Keywords: Network Effects; Standards; Competitive Strategy; Customization and Personalization; Information Technology; Technology Adoption;

    Citation:

    Lee, Deishin, and Haim Mendelson. "Adoption of Information Technology under Network Effects." Information Systems Research 18, no. 4 (December 2007).

Working Papers

  1. Overcoming Organizational Barriers to Waste Heat Recovery

    Waste heat recovery is a proven technology for improving energy efficiency and reducing the environmental impact of energy-intensive manufacturing firms. However, evidence suggests that opportunities for recovering waste heat are untapped. By showing how the process characteristics of waste heat recovery are manifested in the manufacturing firm's capital budgeting process, we identify organizational barriers to waste heat recovery. In particular, the tight operational coupling between the waste heat recovery system and the manufacturing process, and the technological complexity present challenges during capital project evaluation. We study three mechanisms that can potentially overcome these adoption barriers: government subsidy, corporate environmental initiative, and partnership with an energy service company (ESCO). Our findings suggest that a combination of subsidy with a corporate environmental initiative can make waste heat recovery attractive enough for the manufacturer to pursue. We find that partnering with an ESCO can also create significant value. The ESCO benefits from learning effects, risk diversification, and economies of scale, thus making waste heat recovery in general more profitable and less risky.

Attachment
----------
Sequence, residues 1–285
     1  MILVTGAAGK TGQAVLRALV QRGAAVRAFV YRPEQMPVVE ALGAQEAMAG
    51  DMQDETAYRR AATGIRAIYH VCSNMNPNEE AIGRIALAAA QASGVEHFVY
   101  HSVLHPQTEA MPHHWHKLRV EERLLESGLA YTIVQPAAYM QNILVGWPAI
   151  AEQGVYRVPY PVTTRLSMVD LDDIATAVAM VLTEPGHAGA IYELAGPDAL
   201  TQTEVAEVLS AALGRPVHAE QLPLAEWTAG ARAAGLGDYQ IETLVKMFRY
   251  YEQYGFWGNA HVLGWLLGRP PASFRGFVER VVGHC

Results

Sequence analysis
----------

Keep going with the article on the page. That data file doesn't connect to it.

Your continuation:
Keywords: sustainability; energy; capital budgeting; waste heat recovery; manufacturing; Energy Industry; Manufacturing Industry;

    Citation:

    Jira, Chonnikarn Fern, and Deishin Lee. "Overcoming Organizational Barriers to Waste Heat Recovery." Working Paper, 2013.
  2. The Effect of Supply Chain Complementarities on Local Food

    We study the operational tradeoffs of a retailer and farmers in a fresh produce supply chain to determine the equilibrium supply chain structure. These operational tradeoffs arise as a result of the geographic constraints posed by the availability of arable land and the spatial population distribution. We model the interdependent operating decisions of a retailer and farmers and show that technological advances in transportation, spatial characteristics of population distributions, and advances in farming technologies has led to a dominant economies-of-scale model of production, distribution, and retailing in fresh produce supply. When farm capacities are asymmetric, the small local farmer has a disadvantage and can be completely squeezed out of the supply chain if the large farm has enough capacity to fill demand. However, we quantify how backhauling and vertical differentiation can increase the retailer's margin for local food, thus increasing the small local farmer's competitiveness. We also show how the local farmer can leverage polyculture farming, a farming practice that increases the resilience and yield of crops, to mitigate risk of weather or pest damage, increasing his competitiveness.